1. Washington Trails Association (WTA) lists many hikes close to Seattle, but folks wander quite far afield, too.
I use their website for scouting fresh trail reports written by hikers of all abilities.
I also comb their website for volunteer opportunities and political developments affecting Northwest hikers.
You can become a member and receive a monthly print magazine. I read it cover to cover most months, just to keep current with hot button topics circulating in the hiking community.
2. Rely upon government websites only for general information and to plan which permits or camping arrangements you might need.
For example, if Mt. Rainier is calling to you, use the National Park Service website.
What I like about this site is the chance to get a general overview of an area I'm only vaguely familiar with. I've been hiking around here for over 20 years, and I still don't know the locations of all the greatest Northwest hikes.
For more information on finding great hiking trails, read this.
What drives me crazy is how infrequently their trail reports are updated, especially in the spring when I'm wondering if a certain access point is open or not.
Tip: During transition seasons, I rely upon fresh trail reports from WTA, rather than on the government sites.
3. For some excellent hiking blogs, including regional NW blogs, try these.
4. A new guidebook Hiking Washington's Fire Lookouts is reviewed here.
5. The new Alpine Lakes Wilderness hiking guide is reviewed here.
The Washington Trails Association has pulled together a comprehensive resource on accessible hiking trails just for you.
As you can see, you have no shortage of options for hiking in the Pacific Northwest.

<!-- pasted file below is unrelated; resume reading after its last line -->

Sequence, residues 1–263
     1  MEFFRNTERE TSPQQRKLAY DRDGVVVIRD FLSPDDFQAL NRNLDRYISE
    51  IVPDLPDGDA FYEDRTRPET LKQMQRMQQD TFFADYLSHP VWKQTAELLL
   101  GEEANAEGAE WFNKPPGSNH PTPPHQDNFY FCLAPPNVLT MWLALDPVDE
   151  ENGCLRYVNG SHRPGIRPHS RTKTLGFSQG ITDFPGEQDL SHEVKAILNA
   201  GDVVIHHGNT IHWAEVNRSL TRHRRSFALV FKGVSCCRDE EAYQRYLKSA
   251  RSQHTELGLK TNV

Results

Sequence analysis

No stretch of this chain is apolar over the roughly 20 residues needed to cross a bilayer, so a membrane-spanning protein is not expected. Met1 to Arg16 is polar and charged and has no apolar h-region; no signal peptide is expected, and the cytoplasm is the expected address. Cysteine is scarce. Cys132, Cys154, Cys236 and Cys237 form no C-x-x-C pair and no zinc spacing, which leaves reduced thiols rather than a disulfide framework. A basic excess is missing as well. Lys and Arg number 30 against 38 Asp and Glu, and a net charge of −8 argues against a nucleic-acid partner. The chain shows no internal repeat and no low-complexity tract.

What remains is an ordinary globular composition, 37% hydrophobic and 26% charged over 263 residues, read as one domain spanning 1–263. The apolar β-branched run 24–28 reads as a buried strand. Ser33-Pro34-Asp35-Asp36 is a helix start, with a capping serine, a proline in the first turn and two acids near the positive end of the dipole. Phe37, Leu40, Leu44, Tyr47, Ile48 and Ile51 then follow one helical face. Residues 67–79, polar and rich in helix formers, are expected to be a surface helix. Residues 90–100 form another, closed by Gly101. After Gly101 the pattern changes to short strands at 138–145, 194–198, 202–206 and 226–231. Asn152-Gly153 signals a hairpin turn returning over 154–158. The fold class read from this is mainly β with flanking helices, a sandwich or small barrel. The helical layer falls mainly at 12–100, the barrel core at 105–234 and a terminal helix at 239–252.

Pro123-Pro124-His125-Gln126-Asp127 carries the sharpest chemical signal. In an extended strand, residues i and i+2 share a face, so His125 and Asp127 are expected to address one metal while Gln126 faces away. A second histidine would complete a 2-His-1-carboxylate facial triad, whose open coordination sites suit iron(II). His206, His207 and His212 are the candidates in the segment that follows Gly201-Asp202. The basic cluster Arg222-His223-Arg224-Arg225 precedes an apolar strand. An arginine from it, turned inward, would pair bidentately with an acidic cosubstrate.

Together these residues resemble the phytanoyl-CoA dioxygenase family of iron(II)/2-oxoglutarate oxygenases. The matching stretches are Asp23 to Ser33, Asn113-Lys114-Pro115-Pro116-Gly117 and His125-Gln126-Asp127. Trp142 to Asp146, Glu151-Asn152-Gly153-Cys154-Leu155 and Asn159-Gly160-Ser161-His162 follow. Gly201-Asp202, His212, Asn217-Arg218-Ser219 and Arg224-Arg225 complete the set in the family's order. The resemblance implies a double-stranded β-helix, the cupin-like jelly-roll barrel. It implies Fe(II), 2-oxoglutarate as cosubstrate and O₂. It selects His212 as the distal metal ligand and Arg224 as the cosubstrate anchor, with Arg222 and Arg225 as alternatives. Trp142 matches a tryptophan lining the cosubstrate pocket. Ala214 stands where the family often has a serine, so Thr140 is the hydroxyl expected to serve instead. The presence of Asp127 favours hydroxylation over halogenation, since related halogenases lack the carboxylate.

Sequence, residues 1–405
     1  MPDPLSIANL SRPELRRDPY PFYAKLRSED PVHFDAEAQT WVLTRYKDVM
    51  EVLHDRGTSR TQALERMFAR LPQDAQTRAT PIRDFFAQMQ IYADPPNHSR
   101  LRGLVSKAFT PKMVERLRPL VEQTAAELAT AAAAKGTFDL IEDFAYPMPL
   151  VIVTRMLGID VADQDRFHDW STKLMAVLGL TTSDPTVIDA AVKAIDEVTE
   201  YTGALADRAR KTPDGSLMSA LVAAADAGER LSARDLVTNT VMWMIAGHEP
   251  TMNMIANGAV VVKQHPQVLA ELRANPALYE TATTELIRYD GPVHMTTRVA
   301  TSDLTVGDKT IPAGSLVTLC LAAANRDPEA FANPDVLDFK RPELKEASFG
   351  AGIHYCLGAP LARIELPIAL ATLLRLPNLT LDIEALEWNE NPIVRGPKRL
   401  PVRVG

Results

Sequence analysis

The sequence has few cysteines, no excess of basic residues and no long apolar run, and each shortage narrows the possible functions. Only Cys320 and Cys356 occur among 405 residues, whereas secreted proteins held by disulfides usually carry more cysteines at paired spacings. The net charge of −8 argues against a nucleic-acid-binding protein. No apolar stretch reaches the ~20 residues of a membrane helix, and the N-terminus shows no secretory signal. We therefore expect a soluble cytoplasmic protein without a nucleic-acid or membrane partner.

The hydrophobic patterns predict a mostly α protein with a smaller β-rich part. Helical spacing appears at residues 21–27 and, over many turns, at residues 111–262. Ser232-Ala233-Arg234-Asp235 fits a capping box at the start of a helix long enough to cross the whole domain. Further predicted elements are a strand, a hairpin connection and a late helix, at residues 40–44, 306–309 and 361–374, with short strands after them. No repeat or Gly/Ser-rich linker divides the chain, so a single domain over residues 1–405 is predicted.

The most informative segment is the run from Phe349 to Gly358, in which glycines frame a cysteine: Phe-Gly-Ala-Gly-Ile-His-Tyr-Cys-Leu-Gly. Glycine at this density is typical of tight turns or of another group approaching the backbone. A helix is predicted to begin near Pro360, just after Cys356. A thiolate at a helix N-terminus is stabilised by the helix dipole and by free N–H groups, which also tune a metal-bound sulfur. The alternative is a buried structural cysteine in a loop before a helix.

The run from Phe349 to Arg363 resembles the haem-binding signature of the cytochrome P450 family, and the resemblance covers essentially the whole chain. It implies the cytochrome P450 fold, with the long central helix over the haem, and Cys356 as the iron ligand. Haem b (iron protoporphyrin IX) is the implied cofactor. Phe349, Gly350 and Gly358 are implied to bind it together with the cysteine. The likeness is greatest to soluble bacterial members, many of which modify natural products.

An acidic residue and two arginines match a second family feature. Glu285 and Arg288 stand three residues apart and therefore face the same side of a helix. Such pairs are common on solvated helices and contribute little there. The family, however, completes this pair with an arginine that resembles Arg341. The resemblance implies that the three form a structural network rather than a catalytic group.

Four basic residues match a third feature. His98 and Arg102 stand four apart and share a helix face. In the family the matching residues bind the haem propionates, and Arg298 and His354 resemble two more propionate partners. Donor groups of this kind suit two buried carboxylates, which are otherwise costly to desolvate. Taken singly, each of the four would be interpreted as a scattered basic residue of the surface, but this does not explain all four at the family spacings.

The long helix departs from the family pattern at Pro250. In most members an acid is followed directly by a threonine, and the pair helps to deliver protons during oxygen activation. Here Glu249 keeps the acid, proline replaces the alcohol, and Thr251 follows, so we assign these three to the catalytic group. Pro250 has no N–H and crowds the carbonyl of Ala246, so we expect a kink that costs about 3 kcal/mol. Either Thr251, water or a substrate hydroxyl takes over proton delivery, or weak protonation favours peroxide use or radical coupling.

If anything, the choices are somewhat overwhelming.
So work your way through my list slowly, and bookmark only the ones that relate to your type of hiking.
Most of us have "bucket lists", organized by season. At least I do! These resources help me add to that list.
And when the weather cooperates, or even when it doesn't, I take satisfaction in watching that list grow a bit shorter as the years roll along.
I'm sure every Northwest hiker can relate.
Just a few more suggestions for you:
If you're a hiking newbie interested in getting your boots dusty on some Northwest hiking trails, give my resources a good going over.
But if you're still wondering about a few things, drop me a line using this contact link.
If you'd like to share a useful resource on Northwest hiking, send it along and I'll see if it passes my "sniff" test:
Be sure to check back often - I'm always on the hunt for great hiking resources, and I will share every last one of them right here, with you!
You never know what you'll find that might be useful when you hike in the Pacific Northwest!
About the author
Diane is the founder of Hiking For Her.
She’s been on a hiking trail somewhere in the world for nearly five decades & loves to share her best hiking tips right here.
All rights reserved.
Photo credits: All photos on this website were taken by David Midkiff or Diane Spicer except where noted.